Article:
Unlike all other major grain crops, maize (Zea mays L.) is a monoecious species, with a separate male flower (tassel) located at the top of the stem and female flowers (ears) located about midway down on the same plant. This spatial arrangement of the flowers facilitates both selfing (pollination of the female flower with pollen from the same plant) and crossing (pollination of the female flower with pollen from a different plant). Several characteristics make it an attractive genetic system retaining the major strength of plant genetics (Strable and Scanlon 2009). This use of maize is particularly important for increasing our understanding of the agronomic and the genetic bases of yield performance, related to the genomic changes that have occurred with domestication and breeding (Solomon et al., 2014; Shi and Lai, 2015).
Maize is one of the best model plants to combine physiological and agronomic studies. It is a C4 grass with a specific cellular compartmentation that allows a better metabolic efficiency in terms of carbon and nitrogen assimilation (Cliquet et al. 1990; Oaks, 1994). Compared with C3 crops, maize uses Co2, solar radiation, water and nitrogen more efficiently during photosynthesis. The water-use efficiency of maize is approximately double that of C3 crops grown at the same sites. In addition, maize was chosen as a model system, as for a given genotype, the number of leaves that emerge under specific growth conditions is genetically determined (Fournier and Andrieu 1999). Therefore each leaf can be easily numbered, and a single plant provides a large set of leaves in which there is a gradation of the remobilization process when senescence is progressively taking place.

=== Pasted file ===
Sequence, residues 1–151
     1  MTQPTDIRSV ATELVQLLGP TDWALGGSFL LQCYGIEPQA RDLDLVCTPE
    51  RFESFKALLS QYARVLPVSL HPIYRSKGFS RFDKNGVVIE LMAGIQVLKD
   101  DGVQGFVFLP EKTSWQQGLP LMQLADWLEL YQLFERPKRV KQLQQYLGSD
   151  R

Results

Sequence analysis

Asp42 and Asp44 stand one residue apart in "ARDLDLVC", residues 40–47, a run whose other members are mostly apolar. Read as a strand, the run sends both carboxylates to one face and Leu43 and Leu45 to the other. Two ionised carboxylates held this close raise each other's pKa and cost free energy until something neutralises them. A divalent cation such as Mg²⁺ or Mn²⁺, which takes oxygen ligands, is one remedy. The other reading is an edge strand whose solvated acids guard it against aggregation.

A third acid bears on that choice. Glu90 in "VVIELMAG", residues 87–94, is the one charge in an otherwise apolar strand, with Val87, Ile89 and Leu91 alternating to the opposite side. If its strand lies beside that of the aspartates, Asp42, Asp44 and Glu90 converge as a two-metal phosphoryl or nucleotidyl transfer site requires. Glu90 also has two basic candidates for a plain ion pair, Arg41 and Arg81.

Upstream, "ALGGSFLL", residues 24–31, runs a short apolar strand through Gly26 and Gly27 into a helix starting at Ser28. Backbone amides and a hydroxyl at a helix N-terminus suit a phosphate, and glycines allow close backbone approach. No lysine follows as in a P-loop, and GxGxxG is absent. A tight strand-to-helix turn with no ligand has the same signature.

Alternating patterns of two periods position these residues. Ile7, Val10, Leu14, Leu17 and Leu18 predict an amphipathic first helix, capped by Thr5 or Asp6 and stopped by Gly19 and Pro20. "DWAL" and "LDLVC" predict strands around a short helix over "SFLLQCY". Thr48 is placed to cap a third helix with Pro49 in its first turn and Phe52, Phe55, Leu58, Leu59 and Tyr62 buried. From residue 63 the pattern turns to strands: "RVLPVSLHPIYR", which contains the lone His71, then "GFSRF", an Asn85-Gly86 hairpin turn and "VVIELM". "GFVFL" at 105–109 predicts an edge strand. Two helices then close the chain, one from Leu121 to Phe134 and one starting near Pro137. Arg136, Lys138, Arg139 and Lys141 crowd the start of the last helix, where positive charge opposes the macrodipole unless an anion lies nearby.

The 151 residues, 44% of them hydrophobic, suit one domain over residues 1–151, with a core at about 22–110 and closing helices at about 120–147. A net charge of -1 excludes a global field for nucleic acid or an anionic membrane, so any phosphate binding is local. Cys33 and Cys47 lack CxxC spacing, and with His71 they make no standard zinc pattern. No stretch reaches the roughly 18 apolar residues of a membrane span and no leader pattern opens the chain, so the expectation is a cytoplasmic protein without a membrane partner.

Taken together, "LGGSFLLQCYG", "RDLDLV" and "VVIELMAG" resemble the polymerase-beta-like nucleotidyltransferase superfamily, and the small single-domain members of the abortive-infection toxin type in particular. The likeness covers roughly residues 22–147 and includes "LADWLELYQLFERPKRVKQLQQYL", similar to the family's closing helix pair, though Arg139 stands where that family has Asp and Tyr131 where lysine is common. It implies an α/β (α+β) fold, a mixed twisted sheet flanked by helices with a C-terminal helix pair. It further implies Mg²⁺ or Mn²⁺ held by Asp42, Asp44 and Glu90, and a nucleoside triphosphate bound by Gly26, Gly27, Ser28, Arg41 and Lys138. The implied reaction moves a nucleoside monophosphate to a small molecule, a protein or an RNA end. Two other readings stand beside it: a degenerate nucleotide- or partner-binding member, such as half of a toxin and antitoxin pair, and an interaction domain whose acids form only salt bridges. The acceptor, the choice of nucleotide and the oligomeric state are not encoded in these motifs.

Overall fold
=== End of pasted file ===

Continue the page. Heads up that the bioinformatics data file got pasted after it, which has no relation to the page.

Maize life cycle has different growth stages with distinctive physiological and agronomic features
Maize life cycle is divided into two main growth stages; vegetative and reproductive. Each of these stages has its own physiological characteristics. Vegetative growth stages are determined using the Leaf Collar method. A plant is assigned a growth stage depending on the number of visible leaf collars present. Vegetative stages defined by this method are named ‘V’ stages. Reproductive stages are defined by using an ‘R-stage’ and subdivided into two stages; anthesis or male flowering (R1) and physiological maturity (R6). R1 is the growth stage at which pollen shed begins whereas R6 describes the physiological maturity which is identified by the appearance of black layer at the conjunction of maize kernels with the cob (Hill, 2007; IITA and CIMMYT, 2007).